Video: Watch the edge-of-space skydive through Felix Baumgartner's eyes
43-year-old stuntman intends to settle down with his girlfriend and pursue a (comparatively) low-octane second career flying rescue helicopters.
Still buzzing after yesterday’s record-breaking skydive, and coming rapidly to terms with stratospheric fame, Felix Baumgartner has announced his intention to quit while he’s ahead and retire from the “daredevil business.”
The 43-year-old stuntman, who learned his trade as a paratrooper in the Austrian air force, said that he now intends to settle down with his girlfriend and pursue a (comparatively) low-octane second career flying rescue helicopters.
"I'm retired from the daredevil business," he told reporters in Roswell, New Mexico, where Sunday’s spectacular jump was staged. ”I want to find a nice decent job as a helicopter pilot. I'll fight fires and rescue people. No e-mails, no phone calls.“
First, though, Baumgartner must fulfil his obligations to Red Bull, the fizzy drinks company which bankrolled the 128,100 foot skydive. To that end, he spent yesterday re-living the nine-minute journey from the edge of Space.
Footage from his helmet camera revealed exactly how close the freefall came to disaster during its early stages, when he entered what is known in skydiving circles as a “death spin” and was forced to consider deploying his parachute early.
“I never thought I was going to lose my life, but I was disappointed because I'm going to lose my record,” he recalled. “In that situation, when you spin around, it's like Hell. And you don't know if you can get out of that spin or not. Of course it was terrifying.”
Baumgartner’s $200,000 pressure suit, designed to cope with the high altitude, made it harder to regain control. “As a skydiver, you can feel the air and so you know what to do. When you’re trapped in this pressure suit there’s no feedback. So I really had a hard time.”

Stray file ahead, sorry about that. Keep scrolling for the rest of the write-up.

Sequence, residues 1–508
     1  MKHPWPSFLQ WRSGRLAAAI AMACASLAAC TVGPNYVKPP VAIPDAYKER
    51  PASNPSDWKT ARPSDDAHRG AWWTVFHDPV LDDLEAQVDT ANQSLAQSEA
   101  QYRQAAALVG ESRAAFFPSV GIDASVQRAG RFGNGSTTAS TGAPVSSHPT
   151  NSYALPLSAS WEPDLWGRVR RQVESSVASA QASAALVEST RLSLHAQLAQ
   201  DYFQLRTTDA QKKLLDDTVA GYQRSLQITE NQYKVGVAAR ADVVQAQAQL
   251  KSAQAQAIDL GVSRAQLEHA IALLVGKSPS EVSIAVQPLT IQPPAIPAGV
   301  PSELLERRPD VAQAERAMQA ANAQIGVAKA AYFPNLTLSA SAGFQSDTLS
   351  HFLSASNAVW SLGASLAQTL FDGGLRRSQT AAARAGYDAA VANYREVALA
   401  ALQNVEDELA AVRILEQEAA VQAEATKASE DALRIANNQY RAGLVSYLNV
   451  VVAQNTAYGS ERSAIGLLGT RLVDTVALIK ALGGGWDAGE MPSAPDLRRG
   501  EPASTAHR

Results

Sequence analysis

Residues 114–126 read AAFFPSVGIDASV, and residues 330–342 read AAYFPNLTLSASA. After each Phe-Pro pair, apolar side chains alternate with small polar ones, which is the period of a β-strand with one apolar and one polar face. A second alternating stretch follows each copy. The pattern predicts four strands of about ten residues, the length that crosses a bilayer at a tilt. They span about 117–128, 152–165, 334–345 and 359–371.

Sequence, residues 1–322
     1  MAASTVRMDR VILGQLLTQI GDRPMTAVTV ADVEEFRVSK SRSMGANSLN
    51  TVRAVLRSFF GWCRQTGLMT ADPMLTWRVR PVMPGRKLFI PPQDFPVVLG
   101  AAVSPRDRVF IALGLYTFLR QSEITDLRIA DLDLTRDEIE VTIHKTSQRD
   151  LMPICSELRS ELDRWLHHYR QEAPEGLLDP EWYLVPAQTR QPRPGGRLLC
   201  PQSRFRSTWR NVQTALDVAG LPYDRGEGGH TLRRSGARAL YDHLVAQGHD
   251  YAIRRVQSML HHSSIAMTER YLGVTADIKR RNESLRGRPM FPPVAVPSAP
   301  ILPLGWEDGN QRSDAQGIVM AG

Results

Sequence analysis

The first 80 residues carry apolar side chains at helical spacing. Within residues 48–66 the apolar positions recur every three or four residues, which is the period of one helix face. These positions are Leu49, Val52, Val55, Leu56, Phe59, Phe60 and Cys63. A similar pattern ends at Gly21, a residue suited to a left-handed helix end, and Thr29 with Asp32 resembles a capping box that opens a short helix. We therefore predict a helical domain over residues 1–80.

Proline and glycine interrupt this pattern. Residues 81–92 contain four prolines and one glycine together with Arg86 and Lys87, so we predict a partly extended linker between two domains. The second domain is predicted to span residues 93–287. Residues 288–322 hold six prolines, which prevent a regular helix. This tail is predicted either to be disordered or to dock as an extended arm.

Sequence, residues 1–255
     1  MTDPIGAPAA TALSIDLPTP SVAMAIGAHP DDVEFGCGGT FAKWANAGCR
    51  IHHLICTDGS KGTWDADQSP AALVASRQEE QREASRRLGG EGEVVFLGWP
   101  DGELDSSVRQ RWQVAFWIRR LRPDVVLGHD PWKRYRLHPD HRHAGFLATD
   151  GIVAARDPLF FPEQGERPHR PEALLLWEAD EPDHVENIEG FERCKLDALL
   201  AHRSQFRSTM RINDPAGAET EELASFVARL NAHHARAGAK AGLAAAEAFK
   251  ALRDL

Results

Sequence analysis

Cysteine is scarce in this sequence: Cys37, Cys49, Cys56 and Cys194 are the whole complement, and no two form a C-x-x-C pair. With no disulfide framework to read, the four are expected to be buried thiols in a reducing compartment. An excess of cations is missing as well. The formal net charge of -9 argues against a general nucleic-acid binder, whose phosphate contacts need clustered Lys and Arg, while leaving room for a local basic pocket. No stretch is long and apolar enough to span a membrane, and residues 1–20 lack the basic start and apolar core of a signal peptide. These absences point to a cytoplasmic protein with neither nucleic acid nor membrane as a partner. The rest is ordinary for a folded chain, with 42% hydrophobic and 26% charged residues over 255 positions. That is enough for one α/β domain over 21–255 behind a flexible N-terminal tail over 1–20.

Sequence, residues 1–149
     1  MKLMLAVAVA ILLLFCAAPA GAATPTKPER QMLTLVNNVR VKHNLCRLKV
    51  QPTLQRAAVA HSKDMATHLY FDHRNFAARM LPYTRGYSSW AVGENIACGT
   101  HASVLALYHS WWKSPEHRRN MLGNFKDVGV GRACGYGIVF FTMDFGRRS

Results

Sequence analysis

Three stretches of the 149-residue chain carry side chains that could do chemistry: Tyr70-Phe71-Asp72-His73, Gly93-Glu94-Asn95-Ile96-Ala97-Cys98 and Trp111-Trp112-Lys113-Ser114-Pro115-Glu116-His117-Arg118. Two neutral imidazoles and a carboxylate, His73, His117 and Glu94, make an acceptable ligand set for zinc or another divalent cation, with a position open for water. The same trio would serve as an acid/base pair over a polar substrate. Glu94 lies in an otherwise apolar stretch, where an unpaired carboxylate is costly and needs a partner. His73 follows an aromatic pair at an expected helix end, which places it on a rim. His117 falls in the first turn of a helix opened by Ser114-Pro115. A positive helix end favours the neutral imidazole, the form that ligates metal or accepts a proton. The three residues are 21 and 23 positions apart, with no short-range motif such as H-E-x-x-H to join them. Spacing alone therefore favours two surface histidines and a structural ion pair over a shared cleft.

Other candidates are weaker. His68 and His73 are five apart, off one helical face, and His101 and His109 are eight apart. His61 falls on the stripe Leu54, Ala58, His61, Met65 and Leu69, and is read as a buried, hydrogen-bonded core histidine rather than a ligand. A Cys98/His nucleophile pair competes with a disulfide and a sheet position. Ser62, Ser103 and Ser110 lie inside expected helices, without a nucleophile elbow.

A second hiccup, when his facemask began to steam up, helped persuade Baumgartner to open his parachute after 4 minutes 22 seconds. That was slightly earlier than planned, meaning he did not break the world record for longest freefall. He nonetheless achieved the highest skydive in history, and become the first skydiver to break the sound barrier, hitting 834mph. “I didn't feel the sonic boom,” he said. “I think it happens behind you.”
Baumgartner also set a new altitude record for balloon flight. The eleven by eight foot capsule in which he completed the journey came to earth via a parachute and was retrieved from the New Mexico desert 55 miles east of his landing site.
After a proper night’s sleep, he now intends to head to Hollywood with girlfriend Nicole Oetl. “I'll go back to L.A. to chill out for a few days,” he said. “We will take it easy as hell, trust me.”
He’s also looking forward to some proper meals: prior to Sunday’s jump, doctors had him on a “low residue, low fibre” diet designed to prevent flatulence. In a low pressure environment, gas in his digestive system could have expanded, with disastrous consequences.
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